Tuesday, September 16, 2008

Lookin' Good, Cannonball Run

Trail running, distance running, in some ways all running come out of a human ability that evolved for a reason. Running for long distances over varying surfaces was necessary for food (to track game), for communicating (or spying on those strange people on the mountain next door), and for protection (to outrun predators).

Though I have spurred myself into some speed by imagining I'm being chased, it's frankly a tactic that's hard on the body (and I have this little device my weapons-loving cousin turned me on to, if that kind of protection is really necessary). For communications, we've got those Internets. But tracking game on foot is still an honorable pursuit. I think it's hardwired. That's why I like trying new trails. Even though I'm only looking to spot rectangles of paint on tree trunks and rocks, not spoor or nests, I imagine it's much the same feeling.

We're made to run, to swim, to climb trees, to use our brains and facility for planning in the pursuit of game. We're even made to use weapons to kill game when we're hungry, if we have to.

A bow hunter in a tree aiming for deer is an intelligent wildlife management device, especially when the meat and skin are donated. It's fairly even competition. In fact, I wish there were some way it could be done in the DC city limits, especially with Lyme disease so bad; it's making the deer and other animals suffer because the weak ones aren't being picked off by any kinds of predators anymore, so they live to spread it and breed all kinds of other parasites and viruses, and sooner or later, their weakened immune systems may brew up something that will get other animals, including the human ones, worse than anything we've seen so far. I don't hunt; I live in the city, for god's sake. But it's not evil to kill an animal to thin a herd and to eat. One of the best eco-witches I know of is a former champion bow hunter.

A fat fart hunting with an automatic weapon in a helicopter is just a fat fart with an automatic weapon in a helicopter. It throws off the balance. Too many predators gone, too much game gone, you're as bad off as when you started. No problems solved.

There are some who say that the human animal is entitled to use that big brain in whatever ways we want; who say that the automatic weapon and the helicopter are just natural extensions of the technology of the sling and the bow.

But there's another great facility of our big brains, one we don't use nearly often enough, and I ought to know: It's the ability to know when enough is enough and to make ourselves stop.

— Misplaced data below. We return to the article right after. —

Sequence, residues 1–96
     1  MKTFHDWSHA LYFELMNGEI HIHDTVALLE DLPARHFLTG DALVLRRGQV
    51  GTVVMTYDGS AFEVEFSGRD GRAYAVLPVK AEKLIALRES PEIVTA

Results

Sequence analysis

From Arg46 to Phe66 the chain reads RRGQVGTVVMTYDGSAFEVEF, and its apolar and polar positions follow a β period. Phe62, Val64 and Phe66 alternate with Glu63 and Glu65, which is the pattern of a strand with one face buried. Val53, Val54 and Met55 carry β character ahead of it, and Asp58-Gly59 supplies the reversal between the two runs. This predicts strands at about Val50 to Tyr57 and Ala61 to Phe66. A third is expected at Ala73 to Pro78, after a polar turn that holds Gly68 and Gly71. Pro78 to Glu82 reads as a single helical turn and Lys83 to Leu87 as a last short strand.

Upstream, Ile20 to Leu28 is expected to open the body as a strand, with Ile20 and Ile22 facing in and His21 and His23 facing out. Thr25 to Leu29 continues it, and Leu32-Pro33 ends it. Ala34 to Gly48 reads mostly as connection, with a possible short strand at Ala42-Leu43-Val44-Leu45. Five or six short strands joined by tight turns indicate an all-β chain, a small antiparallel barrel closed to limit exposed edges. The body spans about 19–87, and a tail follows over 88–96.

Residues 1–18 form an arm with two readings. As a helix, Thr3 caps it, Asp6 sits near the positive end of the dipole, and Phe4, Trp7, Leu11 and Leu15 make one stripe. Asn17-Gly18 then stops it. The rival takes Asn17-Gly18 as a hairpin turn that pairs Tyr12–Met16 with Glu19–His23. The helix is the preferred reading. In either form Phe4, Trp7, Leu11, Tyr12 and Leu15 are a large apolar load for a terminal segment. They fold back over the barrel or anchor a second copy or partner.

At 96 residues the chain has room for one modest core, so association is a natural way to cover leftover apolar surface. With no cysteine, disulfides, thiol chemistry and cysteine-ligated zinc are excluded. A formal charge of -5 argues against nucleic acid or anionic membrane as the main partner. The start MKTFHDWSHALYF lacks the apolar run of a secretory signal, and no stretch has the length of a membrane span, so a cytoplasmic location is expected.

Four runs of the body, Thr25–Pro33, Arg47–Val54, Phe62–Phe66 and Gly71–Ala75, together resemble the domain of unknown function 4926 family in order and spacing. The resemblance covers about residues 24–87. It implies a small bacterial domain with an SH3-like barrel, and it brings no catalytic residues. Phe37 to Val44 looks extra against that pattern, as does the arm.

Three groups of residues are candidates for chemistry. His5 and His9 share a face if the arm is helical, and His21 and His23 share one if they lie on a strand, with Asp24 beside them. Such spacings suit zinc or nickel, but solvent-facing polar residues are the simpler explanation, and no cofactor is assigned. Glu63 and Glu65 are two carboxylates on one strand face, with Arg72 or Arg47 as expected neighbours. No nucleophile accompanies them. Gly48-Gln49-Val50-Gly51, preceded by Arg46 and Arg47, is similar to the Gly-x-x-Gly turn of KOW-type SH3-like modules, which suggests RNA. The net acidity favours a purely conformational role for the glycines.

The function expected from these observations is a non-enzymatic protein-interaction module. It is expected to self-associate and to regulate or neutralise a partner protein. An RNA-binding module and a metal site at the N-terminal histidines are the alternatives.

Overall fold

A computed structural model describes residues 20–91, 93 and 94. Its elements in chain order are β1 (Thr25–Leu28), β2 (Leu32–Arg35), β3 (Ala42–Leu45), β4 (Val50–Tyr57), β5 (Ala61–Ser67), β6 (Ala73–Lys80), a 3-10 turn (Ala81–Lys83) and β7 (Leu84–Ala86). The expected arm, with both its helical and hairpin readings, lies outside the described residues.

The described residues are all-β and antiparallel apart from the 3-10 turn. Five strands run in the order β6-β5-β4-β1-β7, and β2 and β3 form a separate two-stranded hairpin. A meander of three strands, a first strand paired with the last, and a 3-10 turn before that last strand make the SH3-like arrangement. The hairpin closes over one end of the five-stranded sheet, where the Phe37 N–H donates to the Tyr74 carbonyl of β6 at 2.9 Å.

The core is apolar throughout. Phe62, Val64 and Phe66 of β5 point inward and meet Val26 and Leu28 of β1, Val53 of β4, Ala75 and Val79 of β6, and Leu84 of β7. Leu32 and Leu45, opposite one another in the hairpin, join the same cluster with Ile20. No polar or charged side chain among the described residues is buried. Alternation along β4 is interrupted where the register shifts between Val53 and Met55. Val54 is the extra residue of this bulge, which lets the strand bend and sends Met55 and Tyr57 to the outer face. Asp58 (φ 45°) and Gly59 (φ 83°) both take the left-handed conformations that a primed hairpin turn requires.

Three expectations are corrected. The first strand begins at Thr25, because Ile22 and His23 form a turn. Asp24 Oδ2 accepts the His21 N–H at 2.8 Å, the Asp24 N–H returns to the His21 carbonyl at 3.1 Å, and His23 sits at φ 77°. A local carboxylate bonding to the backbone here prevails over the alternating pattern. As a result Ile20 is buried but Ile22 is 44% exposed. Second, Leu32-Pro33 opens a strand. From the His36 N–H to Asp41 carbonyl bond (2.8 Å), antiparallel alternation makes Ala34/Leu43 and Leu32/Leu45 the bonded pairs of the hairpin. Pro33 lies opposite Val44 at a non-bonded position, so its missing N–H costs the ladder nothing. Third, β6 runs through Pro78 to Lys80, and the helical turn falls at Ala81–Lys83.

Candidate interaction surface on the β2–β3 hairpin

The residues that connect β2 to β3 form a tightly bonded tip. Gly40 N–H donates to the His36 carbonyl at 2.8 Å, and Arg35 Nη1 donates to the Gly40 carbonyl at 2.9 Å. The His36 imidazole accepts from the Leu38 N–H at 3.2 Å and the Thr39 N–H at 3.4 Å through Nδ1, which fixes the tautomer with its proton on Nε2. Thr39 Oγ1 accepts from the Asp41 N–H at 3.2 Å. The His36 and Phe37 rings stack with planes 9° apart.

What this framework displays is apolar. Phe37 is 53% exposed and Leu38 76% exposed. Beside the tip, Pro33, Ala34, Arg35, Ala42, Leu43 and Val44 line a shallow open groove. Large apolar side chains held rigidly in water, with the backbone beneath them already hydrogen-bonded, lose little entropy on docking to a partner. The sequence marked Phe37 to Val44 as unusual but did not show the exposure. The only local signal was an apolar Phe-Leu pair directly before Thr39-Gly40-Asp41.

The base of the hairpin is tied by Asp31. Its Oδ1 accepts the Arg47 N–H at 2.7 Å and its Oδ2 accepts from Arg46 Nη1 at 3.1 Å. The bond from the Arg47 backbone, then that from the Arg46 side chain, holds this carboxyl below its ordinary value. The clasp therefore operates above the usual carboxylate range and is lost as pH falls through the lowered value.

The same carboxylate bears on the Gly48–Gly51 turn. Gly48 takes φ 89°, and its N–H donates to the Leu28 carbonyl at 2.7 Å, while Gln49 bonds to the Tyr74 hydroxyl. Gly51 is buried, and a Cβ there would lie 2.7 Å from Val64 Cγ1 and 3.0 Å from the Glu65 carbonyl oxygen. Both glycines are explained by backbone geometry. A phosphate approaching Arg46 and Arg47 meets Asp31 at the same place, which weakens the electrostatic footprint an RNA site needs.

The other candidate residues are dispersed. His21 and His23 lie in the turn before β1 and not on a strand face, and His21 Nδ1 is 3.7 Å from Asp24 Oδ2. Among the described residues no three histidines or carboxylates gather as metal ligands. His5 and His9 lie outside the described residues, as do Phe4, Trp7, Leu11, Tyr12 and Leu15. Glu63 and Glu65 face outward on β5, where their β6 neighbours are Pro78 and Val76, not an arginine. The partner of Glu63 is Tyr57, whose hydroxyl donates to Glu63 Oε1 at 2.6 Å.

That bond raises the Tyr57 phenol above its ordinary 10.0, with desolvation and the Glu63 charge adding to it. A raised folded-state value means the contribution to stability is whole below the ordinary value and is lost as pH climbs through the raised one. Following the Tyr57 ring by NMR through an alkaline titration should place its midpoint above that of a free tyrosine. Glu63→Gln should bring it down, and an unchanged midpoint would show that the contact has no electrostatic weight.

Why do I keep looking up David Foster Wallace eulogies in random moments? I never read but some magazine pieces; never was a big fan; I'm too old-fashioned, not smart enough. Because he was a suicide, which carries too many triggers; because he was just my age; because you're not supposed to do that if you're a genius, and fucking big and hot on top of that. But I will stop, because projecting your own crap onto the occasion of death is how ghosts are made. It burdens the spirits, who don't deserve it.

Photo: Marilyn Monroe at Black Rock, rehearsing for The Misfits. Photographer Eve Arnold; I doubt I have permission.


mark said...

Oh, my god that was a gorgeous picture.

And was your entry your way of saying that beating up on Palin 'cause she's a moose-hunter is elitist and dumb? Mind you, I'm only talking about her being a moose-hunter.

Last, regarding Wallace.... same feelings toward Cobain?

Maria Padhila said...

No, I don't like that she advocates shooting wolves from helicopters. She not only pushed to make this practice legal, but she offered a bounty on wolves bagged. Actually, hunting from helicopters is elitist and dumb. It costs a shit ton of money (elitist) and it doesn't result in anything worth eating--not even dog food (dumb). As for the other, I won't comment for the same reasons I gave--it's not my place.

Pam said...

Your comments on Wallace--exactly.

I am making the same trip to that dark well, again and again, with exactly the same questions about my curiosity. I am the same way with Theresa Duncan and Jeremy Blake (I knew Blake, when he was a child); I will dwell on their lives and deaths and the mystery of it all, and it gets me nowhere.

I think with Wallace I'm still waiting for an "answer." You know, like "He had a fight with his ex-wife" or "He was an alcoholic" or "September 11 brought too many memories."

And it doesn't even seem to matter if it's a true answer--just an answer that could be true, an answer that separates him from me, maybe?
As if there could be an answer--as if an answer could help anyone.

This seems like a good time to go outdoors.

Maria Padhila said...

Whoa! I was obsessed with the Duncan/Blake deaths as well (as you'll see long ago in this blog)--mostly because the folie a deux aspect and her self-created legend were so fascinating. And then I gradually got hip that these were people. So I could write all the fiction and poetry about folies a deux or Gatsbying I wanted, but leave them alone, please. As a detective type, I always want to dig. Like you say, gets me nowhere.

mark said...